Wilson says he has some evidence for his claims. He gave his Calculus 3 college students a 10-question calculator-free arithmetic test (can you multiply 5.78 by 0.39 without pulling out your smartphone?) and divided the them into two groups: those who scored an eight or above on the test and those who didn’t. By the end of the course, Wilson compared the two groups with their performance on the final exam. Most students who scored in the top 25th percentile on the final also received an eight or above on the arithmetic test. Students at the bottom 25th percentile were twice as likely to score less than eight points on the arithmetic test, demonstrating much weaker computation skills when compared to other quartiles.

It’s worth noting that calculators are also more likely to be barred in math exams at research universities than at two-year colleges and regional public universities. Out of the 50 national universities ranked at the top by U.S. News and World Report, only four schools had policies allowing electronic devices on Calculus 1 exams. One explanation is that selective institutions are less likely to offer remedial math courses and generally accept students who possess a strong math background.

Why aren’t high schools taking their cue from math professors at Harvard and MIT? Because most college students won’t major in STEM subjects and won’t need advanced math knowledge for much of their work. Dan Kennedy, a high-school teacher at Baylor School, argues that to set a reasonable expectation for all students, calculators should be used because many real-world problems cannot be solved without technology. Students, he says, would be better served by learning probability, statistics, computer literacy, financial mathematics, and matrix algebra—the kind of math that requires the use of graphing calculators—not the kind of theoretical math that dominates math competitions.

David Bressoud, a math professor at Macalester College in Minnesota, has a different theory: He thinks that large research universities typically ban calculators because the devices are essentially obsolete there. “The larger universities have traditionally had computer-lab resources, [and now] it is easier to expect that all students have access to a computer,” Bressoud said. Computers, Bressoud says, are a much better tool for teaching calculus because they are more flexible and faster than calculators.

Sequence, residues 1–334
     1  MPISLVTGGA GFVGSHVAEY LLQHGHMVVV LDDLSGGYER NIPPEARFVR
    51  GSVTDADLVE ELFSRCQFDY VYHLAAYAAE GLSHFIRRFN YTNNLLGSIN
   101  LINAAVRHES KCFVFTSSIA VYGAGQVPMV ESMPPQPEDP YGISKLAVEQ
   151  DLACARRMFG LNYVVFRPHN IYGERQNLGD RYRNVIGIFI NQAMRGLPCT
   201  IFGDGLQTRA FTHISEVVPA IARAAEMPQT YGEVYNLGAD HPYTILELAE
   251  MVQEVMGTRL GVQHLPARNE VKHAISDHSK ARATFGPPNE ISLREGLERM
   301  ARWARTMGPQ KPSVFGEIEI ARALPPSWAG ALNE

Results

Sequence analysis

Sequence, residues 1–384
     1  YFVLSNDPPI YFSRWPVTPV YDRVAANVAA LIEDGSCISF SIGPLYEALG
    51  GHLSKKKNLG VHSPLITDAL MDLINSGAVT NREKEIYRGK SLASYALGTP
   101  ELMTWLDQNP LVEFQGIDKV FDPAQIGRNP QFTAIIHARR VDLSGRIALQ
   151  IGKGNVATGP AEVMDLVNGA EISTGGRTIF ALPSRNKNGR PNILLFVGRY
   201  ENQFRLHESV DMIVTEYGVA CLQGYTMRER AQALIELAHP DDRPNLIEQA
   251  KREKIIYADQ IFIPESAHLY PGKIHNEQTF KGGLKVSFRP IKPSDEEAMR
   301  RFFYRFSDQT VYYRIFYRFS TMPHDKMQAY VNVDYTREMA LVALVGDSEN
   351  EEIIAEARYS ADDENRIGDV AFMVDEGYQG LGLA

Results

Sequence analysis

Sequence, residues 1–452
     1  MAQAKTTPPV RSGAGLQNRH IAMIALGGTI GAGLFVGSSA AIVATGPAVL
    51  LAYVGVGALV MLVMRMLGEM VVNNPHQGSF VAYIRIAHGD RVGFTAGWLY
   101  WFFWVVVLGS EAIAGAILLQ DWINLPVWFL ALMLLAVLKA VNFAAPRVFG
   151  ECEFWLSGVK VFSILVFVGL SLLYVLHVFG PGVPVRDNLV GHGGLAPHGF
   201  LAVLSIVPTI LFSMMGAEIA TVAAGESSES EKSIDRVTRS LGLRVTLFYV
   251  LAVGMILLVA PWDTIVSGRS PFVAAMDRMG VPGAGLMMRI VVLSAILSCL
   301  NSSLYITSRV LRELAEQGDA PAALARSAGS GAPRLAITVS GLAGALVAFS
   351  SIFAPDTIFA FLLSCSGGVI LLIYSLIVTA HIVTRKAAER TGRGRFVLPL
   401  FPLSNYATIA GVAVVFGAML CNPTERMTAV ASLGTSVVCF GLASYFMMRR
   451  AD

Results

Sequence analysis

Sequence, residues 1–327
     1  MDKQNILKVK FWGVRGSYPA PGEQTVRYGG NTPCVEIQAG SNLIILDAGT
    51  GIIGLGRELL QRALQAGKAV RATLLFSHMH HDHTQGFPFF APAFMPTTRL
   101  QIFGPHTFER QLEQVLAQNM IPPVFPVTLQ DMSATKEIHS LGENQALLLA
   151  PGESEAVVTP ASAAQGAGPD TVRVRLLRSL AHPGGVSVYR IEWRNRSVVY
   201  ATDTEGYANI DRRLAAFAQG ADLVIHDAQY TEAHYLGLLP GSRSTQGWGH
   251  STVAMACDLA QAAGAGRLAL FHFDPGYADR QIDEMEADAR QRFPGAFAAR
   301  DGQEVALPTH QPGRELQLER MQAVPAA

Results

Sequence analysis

At Macalester, first-year calculus is known as “Applied Multivariable Calculus 1.” Computers are heavily encouraged in class, and professors aren’t slowly chalking away proofs and theorems on the blackboard. Unlike those at traditional college math classes, Macalester professors take the word “applied” seriously: A lecture on functions, for example, is demonstrated using the Body Mass Index, a function of height and weight used to determine whether a person is obese. Students in their first year of calculus also learn differential equations, a topic that is generally covered only when students have three semesters’ worth of calculus under their belts. The aim is that, by introducing differential equations early on, students understand how mathematical models are generated. Why? Because these models are used in many fields, including, but not limited to, economics, environmental science, psychology, and medicine.

The calculator debate also plays into a larger discussion of whether colleges should be less theoretical and more practical. For technology advocates, an increased emphasis on technology is often seen as a way to prepare students for the real world. Calculator opponents tend to see it differently. The goal of university education, they contend, is for students to get a good grasp of the theoretical foundation of a subject, not to master calculators or computers. After all, today’s technology might become drastically different 20 years from now, but a good foundation will always last.

Even Socrates once quipped that a reliance on writing would lead to the deterioration of memory. And many of the best practices in pedagogy teach that memorization does have its merits when it comes to education, despite the invention of the internet and search engines. Drawing the line between the use of and barring of calculators could prove difficult, says Jon Star, an education professor at Harvard University. “That line is also moving as time goes on, at different levels. There might be students who bring different skills who put the line in different places,” Star noted. “I’m very wary of anyone who says it should be at one extreme or the other.”

Many schools opt for the middle way. While calculators might not be allowed on tests and exams, colleges know that tech-savvy students will utilize programs such as Wolfram Alpha, a powerful web-based computational tool, to aid with calculus assignments. Homework problems often require calculator use, asking for solutions that involve cumbersome values or algebraic symbols that are too tedious to compute by hand. Will future professors who were born in a generation of smartphones and tablets change the course of this discussion? Only time will tell.